‘Unfair? You think it’s unfair on you? You are in love with an idea. The idea of us as a special family. You can’t see past it. You can’t even get a cat, because you think you’re a superhero. It’s not working. We don’t work.’

‘It’s working,’ Jasmine said, standing up.

‘It’s not working, is not working at all.’

‘No, I mean, you’re levitating.’


‘You’re levitating. Maybe even more than three centimeters off the chair!’

‘On my god.’ He looked down at his feet.

‘That’s amazing,’ Olivia said, ‘but can we just go back to what you said about your son.’

‘I’m levitating.’

‘He’s levitating. I think it could be four centimeters .’

‘Do you think so?’ Matt said.

‘I’m certain,’ Jasmine said.

‘Olivia, do you have a tape measure?’ Matt asked.

‘Maybe somewhere, but I don’t think that’s the point of this session.’

‘Get the tape measure quickly,’ Jasmine said.

Olivia looked at them both, shrugged, stood up and walked out of the room. Jasmine watched Olivia leave in search of a tape measure. A bit of urgency wouldn’t hurt, Jasmine muttered.

‘Did you know this would happen?’ Matt asked.

‘I hoped it would. I had this idea. You know Doc Sampson?’

‘The psychiatrist guy that stole Hulk’s girlfriend?’

‘Yeah, well you know he changed the Hulk back into a normal person, I thought maybe it could work the other way. Maybe a therapist might be able to help you do the reverse? I thought maybe if we took away the safety net it might come back. You know, talk about how we feel, and the separation. I thought it might force us to be who we used to be.’

‘You’re a genius,’ Matt said tears forming in his eyes.

‘I think we need to refocus on Anthony,’ Olivia said, returning.

‘Anthony has a gift, we just don’t know what it is yet,’ Jasmine said.

‘And, he is doing very well academically at school,’ Matt said.

‘Exactly, so what if he is not the most extrovert of children. He is deeper than that,’ Jasmine said while measuring the distance between Matt and the floor.

‘Yes, he’s much deeper than that. He’s a thinker,’ Matt said.

‘Oh Matt! It’s six centimeters. You’ve doubled your superpower.’

‘If I can double mine, maybe you can too. I mean 34 centigrade would actually be quite hot.’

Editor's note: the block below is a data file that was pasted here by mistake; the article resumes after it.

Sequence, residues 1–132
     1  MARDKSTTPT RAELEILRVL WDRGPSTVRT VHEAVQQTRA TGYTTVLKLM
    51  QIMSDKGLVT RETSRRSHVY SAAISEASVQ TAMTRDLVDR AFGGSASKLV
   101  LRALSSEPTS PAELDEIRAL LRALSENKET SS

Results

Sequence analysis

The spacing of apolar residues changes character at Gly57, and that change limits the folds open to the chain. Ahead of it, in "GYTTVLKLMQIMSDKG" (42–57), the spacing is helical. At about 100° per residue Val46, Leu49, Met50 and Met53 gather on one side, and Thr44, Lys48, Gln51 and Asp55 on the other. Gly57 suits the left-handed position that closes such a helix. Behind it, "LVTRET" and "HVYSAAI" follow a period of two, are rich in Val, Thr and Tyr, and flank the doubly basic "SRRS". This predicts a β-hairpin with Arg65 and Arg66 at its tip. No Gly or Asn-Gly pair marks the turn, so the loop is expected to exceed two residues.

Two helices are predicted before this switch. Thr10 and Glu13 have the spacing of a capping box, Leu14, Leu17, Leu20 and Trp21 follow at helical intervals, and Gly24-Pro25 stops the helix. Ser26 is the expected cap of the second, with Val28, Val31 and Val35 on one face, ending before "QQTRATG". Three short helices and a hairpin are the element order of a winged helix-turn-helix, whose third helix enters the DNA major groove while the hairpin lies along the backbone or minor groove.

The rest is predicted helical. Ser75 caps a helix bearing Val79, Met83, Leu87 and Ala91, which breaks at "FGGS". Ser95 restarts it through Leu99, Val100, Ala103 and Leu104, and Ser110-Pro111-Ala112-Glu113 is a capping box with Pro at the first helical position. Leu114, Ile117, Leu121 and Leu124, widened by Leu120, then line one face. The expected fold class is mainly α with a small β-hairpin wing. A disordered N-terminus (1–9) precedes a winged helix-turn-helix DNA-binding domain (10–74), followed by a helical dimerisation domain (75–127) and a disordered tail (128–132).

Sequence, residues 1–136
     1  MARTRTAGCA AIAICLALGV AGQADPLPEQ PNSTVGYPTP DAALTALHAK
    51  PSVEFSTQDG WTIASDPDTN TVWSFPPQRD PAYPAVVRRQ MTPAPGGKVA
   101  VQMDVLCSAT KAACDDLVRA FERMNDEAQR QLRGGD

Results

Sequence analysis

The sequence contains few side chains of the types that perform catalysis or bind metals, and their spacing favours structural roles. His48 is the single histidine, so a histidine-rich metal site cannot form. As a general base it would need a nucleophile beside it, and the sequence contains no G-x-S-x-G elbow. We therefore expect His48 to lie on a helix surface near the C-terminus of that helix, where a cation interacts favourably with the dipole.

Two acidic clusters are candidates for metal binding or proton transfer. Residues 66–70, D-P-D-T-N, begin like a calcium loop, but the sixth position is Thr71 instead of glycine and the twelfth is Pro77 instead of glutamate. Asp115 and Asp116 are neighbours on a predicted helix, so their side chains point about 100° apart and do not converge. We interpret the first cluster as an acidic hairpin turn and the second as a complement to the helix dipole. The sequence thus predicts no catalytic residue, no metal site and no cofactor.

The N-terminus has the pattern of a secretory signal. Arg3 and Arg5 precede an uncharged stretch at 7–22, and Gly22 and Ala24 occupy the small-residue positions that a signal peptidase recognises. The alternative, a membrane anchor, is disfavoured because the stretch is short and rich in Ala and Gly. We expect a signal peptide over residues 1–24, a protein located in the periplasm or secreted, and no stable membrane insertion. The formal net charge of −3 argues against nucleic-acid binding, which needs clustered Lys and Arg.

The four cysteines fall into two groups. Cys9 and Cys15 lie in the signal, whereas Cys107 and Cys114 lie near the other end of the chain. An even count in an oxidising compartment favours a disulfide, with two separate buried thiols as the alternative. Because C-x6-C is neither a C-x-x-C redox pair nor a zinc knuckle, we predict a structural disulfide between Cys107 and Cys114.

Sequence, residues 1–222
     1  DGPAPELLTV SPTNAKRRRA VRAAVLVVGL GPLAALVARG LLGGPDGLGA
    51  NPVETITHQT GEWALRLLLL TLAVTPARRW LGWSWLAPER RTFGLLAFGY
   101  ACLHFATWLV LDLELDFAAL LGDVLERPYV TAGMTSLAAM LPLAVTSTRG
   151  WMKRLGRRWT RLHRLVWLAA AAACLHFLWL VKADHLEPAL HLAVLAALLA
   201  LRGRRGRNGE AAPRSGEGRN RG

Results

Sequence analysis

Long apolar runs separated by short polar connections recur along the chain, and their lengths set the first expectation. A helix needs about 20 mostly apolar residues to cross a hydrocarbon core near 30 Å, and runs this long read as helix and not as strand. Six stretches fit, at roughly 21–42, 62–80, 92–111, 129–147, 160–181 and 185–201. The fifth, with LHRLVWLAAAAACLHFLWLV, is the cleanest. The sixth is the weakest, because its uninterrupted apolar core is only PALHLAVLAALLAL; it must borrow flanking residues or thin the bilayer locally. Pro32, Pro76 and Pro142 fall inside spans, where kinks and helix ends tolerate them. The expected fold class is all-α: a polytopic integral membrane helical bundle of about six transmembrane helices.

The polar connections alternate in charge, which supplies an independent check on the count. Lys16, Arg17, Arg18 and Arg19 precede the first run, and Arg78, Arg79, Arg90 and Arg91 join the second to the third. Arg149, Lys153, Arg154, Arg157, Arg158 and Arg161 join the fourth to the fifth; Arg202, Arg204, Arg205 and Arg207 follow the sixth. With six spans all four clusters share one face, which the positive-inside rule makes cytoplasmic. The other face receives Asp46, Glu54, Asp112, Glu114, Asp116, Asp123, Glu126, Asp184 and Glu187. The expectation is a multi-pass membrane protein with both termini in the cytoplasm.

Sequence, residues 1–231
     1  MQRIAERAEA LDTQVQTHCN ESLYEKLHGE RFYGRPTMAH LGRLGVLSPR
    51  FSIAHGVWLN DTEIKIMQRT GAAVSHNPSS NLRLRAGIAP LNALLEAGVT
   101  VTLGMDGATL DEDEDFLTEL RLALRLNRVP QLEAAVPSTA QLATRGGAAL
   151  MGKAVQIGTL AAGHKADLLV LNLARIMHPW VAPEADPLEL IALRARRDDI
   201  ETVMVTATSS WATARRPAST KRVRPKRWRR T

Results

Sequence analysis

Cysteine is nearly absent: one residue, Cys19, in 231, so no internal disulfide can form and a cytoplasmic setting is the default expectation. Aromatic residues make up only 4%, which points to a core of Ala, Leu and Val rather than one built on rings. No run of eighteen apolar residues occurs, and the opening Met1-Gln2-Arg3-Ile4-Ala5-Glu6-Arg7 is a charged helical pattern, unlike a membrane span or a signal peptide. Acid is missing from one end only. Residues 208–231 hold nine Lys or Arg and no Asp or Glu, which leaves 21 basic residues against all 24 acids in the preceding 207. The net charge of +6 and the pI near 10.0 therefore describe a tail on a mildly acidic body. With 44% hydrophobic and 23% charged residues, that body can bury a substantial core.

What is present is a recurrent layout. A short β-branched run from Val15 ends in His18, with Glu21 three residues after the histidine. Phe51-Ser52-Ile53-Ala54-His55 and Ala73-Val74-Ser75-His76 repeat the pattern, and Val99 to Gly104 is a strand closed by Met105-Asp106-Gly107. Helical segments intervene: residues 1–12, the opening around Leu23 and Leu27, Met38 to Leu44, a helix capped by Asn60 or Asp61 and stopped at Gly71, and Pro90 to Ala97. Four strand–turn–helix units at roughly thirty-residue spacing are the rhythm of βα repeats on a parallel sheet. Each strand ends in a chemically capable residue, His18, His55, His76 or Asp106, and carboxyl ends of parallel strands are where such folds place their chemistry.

‘It’s possible.’

‘I think we are potentially missing the point here about your child.’

‘Anthony wants us to be a happy family again. You’ve helped us with that. We haven’t missed the point – you have,’ Jasmine said.

‘Yes, exactly. It’s like a cloud has lifted. This feels like a second chance. Like a real second chance,’ Matt said.

‘You know what? Anthony has quite a lot of your features. Maybe we should try him on levitation again?’

‘Yes, that’s a great way for me and him to reconnect, I know I haven’t been exactly the most communicative over the last couple of months, ‘ Matt said.

‘Oh, don’t worry about that. There’s a lot of things which I said and did that I’m not proud of either.’

‘I’m sorry, but I think this is unethical, ‘ Olivia said.

Matt and Jasmine looked at Olivia as if they had forgotten she was there.

‘How you’re treating your son, I mean. I think you need to stop and think about the consequences of your actions on him.’

‘How we raise our son has nothing to do with you,’ Jasmine said.

‘You’ve got a nerve,’ Matt said, slapping his thigh.

‘You said that Anthony felt that you didn’t love him because he didn’t have these powers? What’s changed?’

‘Everything’s changed. If I can levitate again, there’s almost no way Anthony does not have superpowers. Don’t you see that?’ Matt said. ‘Before, when I thought he didn’t, I was angry. I thought we were leading him down a path he couldn’t go down. I’m not too proud to say I was wrong. And Jas was right.’

‘Isn’t that the sign of a true man?’ Jasmine said, leaning over and squeezing Matt’s hand.

‘It would be wrong to let Anthony not develop powers he naturally has,’ Matt said.

‘It would be criminal,’ Jasmine said.

‘Sorry. I think we need to talk more about whether this is the best thing for Anthony,’ Olivia said.

‘You’ve done great work, but you’re now overstepping a line,’ Jasmine said.

‘Ouch,’ Olivia said, rubbing the side of her face. ‘That burns’.

‘Burns?’ Jasmine asked.

‘More than 17 degrees?’ Matt asked.

‘Yes, much higher,’ Olivia said, running from the room as her hair caught fire.

‘Olivia, you are a miracle worker. You’ve saved our family,’ Jasmine shouted after her.


Tim Oke writes short stories and plays. His plays and stand up-acts have appeared at the Edinburgh Fringe, and his short stories have been published in anthologies, magazines and websites including Idle Ink, The Writers Club, Storgy, and Scribble. Tim is working on a book of short stories and a novella (http://www.tim-oke.com/). You can find him on Twitter @TimOke9.